Isn’t it always the way. You’ve been recommending something for 25 years with complete confidence. Then along comes a piece of very inconvenient evidence.
This time it’s about cats preferring moving water. It turns out that despite a whole industry devoted to promoting cat fountains, until now no one has bothered to see if they actually work. Continue reading “Do Cats Need A Water Fountain?”
If you have a cat diagnosed with hyperthyroidism you’re not alone. Studies indicate that around 2% of cats are affected, and up to 10% of geriatric cats.
There are many treatment options available for thyroid problems in cats. However, the one that generates the greatest discussion is radioactive iodine. We don’t offer it, but we can refer you to an appropriate centre.
First, here’s what you need to know. Continue reading “Radioactive Iodine for Feline Hyperthyroidism”
“As of July 2019, over 2000 cats all over the world have been completely cured using the GS441 from China.” That’s the statement found on a website dedicated to a new drug for FIP in cats.
Why does it matter? Feline infectious peritonitis or FIP is probably the number one fatal viral disease of young cats around the world. Up to now FIP has had no effective treatments and no vaccine. Continue reading “New Treatments For FIP In Cats”
When I was young, like all kids, I wanted to know why everything happened. Having vets as parents, I can distinctly remember asking why male cats needed to be desexed.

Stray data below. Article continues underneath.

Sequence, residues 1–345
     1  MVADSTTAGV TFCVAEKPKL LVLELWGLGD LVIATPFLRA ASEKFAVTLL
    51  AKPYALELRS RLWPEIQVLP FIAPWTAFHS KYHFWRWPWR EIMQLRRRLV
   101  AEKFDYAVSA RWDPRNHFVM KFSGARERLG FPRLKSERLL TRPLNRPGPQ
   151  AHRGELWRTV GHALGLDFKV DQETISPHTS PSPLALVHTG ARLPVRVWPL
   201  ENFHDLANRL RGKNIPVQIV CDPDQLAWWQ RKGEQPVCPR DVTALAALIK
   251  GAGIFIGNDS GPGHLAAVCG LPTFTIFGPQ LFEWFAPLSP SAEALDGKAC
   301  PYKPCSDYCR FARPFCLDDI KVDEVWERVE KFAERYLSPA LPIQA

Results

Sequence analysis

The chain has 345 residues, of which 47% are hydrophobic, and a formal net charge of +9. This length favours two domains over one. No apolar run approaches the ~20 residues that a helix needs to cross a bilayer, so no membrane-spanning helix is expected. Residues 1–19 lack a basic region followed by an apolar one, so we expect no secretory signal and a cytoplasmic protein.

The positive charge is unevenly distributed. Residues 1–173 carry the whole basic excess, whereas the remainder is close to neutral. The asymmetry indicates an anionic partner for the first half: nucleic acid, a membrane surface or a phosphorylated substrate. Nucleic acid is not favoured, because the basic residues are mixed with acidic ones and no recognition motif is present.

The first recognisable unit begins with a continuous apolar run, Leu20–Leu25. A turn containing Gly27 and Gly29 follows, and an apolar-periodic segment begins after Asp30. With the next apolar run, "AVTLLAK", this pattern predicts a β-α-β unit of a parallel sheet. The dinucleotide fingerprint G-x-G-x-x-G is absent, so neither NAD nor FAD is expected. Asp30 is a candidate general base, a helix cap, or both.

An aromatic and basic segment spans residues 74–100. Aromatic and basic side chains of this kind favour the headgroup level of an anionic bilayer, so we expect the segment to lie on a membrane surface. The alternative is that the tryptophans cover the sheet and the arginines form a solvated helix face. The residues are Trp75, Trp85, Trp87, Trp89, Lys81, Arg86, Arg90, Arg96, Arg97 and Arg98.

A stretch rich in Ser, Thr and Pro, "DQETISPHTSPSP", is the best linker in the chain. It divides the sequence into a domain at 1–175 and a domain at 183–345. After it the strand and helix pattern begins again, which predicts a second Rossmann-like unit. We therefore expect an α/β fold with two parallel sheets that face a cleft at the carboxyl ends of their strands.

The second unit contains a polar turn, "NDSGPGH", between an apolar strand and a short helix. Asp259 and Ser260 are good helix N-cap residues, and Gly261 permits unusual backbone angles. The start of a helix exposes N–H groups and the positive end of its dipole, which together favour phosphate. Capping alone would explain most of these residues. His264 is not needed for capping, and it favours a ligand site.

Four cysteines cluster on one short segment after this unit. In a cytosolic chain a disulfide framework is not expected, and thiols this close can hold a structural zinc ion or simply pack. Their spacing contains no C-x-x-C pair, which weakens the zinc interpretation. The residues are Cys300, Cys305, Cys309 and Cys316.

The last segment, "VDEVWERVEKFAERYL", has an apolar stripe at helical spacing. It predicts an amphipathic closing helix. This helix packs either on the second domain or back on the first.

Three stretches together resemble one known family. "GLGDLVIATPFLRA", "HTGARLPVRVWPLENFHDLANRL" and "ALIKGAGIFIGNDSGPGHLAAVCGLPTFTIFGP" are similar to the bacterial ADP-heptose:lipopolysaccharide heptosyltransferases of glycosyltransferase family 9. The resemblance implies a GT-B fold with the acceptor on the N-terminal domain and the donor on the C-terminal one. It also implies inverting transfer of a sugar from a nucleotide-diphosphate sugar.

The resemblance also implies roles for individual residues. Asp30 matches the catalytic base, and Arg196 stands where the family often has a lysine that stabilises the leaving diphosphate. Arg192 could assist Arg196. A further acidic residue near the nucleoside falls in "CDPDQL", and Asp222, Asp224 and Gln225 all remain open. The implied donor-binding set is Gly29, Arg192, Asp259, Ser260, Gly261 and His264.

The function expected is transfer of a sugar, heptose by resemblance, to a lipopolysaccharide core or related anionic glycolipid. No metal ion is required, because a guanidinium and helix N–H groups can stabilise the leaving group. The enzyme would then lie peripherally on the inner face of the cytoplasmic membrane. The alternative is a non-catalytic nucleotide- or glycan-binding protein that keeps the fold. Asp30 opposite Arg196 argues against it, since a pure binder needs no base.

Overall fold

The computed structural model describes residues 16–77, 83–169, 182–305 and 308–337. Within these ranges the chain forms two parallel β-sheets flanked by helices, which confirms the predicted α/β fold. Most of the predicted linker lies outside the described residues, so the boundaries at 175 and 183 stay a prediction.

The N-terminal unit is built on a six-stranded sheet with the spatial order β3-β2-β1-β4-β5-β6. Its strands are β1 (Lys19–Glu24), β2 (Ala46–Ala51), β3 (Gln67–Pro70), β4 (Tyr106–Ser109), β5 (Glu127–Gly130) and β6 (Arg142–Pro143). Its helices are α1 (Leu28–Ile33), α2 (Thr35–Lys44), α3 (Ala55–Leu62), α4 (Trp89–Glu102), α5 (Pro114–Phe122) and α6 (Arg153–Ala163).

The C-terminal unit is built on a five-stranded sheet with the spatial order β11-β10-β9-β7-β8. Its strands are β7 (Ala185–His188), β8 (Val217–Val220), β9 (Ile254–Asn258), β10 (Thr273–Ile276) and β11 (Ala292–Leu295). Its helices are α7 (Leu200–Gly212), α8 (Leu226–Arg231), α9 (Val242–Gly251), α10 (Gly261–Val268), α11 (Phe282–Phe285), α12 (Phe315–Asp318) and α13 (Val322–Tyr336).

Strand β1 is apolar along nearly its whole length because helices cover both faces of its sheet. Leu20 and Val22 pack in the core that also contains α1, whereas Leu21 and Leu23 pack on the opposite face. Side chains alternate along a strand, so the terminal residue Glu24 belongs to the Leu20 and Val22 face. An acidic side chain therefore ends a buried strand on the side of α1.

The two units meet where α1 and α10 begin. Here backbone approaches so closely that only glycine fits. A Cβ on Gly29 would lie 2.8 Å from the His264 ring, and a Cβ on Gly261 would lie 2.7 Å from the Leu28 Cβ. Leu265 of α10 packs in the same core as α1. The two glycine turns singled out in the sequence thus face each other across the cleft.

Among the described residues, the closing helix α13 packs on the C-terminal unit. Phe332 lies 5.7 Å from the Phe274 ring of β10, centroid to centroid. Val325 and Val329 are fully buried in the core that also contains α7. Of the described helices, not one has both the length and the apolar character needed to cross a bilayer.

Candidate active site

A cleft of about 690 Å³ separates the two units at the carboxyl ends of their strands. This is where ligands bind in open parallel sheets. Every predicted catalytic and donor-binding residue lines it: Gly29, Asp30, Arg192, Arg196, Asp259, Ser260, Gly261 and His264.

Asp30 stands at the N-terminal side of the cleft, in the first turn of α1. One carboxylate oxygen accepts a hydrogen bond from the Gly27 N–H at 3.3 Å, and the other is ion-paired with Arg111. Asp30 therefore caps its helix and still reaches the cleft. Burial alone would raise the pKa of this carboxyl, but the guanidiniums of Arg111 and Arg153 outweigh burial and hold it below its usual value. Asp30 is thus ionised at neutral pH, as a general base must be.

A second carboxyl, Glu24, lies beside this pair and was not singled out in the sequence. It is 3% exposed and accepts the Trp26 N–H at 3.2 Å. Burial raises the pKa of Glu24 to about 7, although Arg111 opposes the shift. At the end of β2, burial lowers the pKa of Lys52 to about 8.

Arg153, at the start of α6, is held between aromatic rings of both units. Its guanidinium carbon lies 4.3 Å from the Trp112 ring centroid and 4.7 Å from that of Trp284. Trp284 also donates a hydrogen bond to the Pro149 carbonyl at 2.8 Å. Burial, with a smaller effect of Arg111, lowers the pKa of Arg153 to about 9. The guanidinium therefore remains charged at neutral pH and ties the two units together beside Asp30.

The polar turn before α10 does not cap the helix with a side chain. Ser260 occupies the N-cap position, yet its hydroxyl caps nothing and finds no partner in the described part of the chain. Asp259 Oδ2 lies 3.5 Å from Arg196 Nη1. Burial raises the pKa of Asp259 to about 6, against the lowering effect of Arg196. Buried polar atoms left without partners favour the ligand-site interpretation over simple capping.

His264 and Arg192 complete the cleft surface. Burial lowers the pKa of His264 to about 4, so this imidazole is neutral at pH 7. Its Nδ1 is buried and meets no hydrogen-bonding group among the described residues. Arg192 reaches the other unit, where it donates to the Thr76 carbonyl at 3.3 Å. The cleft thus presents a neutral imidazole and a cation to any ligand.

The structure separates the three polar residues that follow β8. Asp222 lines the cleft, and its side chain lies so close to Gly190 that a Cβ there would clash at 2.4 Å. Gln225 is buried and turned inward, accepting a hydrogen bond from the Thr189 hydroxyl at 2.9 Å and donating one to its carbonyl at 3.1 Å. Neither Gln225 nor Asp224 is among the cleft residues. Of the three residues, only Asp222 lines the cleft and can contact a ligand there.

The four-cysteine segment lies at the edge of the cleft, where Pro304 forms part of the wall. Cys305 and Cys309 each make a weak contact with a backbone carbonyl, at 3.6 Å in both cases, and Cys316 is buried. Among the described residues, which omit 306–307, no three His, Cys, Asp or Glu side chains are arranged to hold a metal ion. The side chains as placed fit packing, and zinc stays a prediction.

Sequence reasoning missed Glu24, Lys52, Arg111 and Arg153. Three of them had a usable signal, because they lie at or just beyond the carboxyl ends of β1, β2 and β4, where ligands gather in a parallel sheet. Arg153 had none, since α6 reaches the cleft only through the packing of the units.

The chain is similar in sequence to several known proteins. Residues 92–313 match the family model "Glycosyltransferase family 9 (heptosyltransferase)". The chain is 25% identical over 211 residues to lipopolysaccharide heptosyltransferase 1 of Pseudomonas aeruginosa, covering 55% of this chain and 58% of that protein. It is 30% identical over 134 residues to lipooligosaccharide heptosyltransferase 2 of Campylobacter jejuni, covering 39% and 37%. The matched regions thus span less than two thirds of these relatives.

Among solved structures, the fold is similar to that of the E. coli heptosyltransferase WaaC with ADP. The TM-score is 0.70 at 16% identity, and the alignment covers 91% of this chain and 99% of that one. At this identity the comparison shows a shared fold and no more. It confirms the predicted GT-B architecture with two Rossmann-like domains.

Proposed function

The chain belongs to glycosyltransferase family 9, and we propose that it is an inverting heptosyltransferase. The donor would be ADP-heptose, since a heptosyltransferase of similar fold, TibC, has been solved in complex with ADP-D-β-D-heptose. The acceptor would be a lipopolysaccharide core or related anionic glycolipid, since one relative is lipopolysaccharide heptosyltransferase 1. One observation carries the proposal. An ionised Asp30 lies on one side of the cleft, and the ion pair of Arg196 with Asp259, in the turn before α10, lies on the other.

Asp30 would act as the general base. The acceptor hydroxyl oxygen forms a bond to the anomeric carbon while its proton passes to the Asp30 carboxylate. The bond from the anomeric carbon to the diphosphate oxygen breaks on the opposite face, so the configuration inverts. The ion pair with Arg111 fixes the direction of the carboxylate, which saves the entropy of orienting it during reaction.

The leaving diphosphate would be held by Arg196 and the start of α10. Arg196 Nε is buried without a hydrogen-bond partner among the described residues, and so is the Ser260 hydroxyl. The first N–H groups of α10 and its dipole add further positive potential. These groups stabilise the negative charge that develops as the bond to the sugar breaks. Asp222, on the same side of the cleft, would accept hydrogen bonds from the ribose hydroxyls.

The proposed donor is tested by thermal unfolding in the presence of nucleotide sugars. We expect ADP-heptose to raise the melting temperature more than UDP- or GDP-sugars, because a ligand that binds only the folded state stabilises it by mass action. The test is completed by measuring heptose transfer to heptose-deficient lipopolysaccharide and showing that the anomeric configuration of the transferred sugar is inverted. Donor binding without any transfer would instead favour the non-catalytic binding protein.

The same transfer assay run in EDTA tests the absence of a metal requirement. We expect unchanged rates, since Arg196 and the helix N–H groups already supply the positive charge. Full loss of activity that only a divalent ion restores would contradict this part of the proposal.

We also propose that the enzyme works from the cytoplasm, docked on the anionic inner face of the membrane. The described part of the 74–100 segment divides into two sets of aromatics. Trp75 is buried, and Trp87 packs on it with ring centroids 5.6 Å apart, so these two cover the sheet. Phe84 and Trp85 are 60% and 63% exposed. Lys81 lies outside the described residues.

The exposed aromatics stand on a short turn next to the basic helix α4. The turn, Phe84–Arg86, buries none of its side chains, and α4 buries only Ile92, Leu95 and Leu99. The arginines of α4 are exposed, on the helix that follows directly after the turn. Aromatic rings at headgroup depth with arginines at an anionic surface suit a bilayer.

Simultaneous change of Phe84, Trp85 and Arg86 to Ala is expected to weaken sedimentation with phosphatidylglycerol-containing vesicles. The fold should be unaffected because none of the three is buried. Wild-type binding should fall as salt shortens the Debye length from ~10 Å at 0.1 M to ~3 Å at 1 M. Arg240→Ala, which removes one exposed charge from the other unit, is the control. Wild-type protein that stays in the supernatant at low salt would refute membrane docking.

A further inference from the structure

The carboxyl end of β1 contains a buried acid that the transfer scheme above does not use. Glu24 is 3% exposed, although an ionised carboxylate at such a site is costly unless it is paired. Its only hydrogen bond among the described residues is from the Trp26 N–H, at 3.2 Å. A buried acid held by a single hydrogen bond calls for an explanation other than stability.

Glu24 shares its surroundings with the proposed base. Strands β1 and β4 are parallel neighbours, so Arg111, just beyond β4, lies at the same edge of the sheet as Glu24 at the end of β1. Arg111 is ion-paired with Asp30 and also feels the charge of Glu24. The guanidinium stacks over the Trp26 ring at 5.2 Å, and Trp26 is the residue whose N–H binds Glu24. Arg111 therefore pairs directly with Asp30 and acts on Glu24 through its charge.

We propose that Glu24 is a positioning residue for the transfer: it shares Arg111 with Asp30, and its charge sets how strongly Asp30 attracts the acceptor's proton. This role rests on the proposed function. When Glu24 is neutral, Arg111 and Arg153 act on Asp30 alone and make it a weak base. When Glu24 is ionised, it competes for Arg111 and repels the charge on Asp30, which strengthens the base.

“It’s because otherwise they fight so much that they get run down and die early.”
With the benefit of hindsight, this is pure folk wisdom. People could see that fighting was associated with sickness, but not yet why. Then, in 1986, hot on the heels of the discovery of the human AIDS virus, researchers in the USA put two and two together and found a feline AIDS virus in cats like these. We call it FIV. Continue reading “Feline Immunodeficiency Virus & Your Cat”
Lymphoma is the most common tumour of cats. It also can be one of the more treatable cancers depending on the type involved.
Lymphoma is caused by the abnormal multiplication and growth of lymphocytes. These are a white blood cell found throughout the body, including the bloodstream, gut and lymph nodes. Continue reading “Lymphoma In Cats”
It’s 6:30am. There’d still be another 30 minutes before your alarm if another sort of alarm wasn’t already going off. Incessantly.
It’s hard to ignore a cat when they want something. It’s what makes them a great first-time pet. However, being woken up too early is no laughing matter. So welcome to my new support group: Friends & Family Of Pushy Cats. Continue reading “How To Stop Cats Waking You Up Early”
A cat with dandruff may sound funny, but it’s not. So please no Head and Shoulders jokes. In a minute you’re going to see that none of the causes are trivial. Continue reading “Help! My Cat Has Dandruff”
The picture below is Grouch. I guess he’s called that because of what he was, not what he is. Because what he is now is a house cat. Continue reading “Caring For Feral & Stray Cats”
Your cat might need your help. Imagine if there was a disease that affected two thirds of cats over their life, but vets rarely diagnosed it. That’s the reality for pancreatitis in cats. Continue reading “Pancreatitis In Cats”
Burying a dog or cat is an important part of the grieving process for many people. It certainly was for me. So as someone who advises it, and has done it, I was annoyed to see “Why you shouldn’t bury your pet in the backyard” featured on my ABC.
It’s the classic case of sitting in an ivory tower making the rest of Australia feel guilty for doing what comes naturally. It also says some fairly silly things. So before I give you some simple tips for a proper home burial, let’s clear them up. Continue reading “Can I Bury My Dog Or Cat At Home?”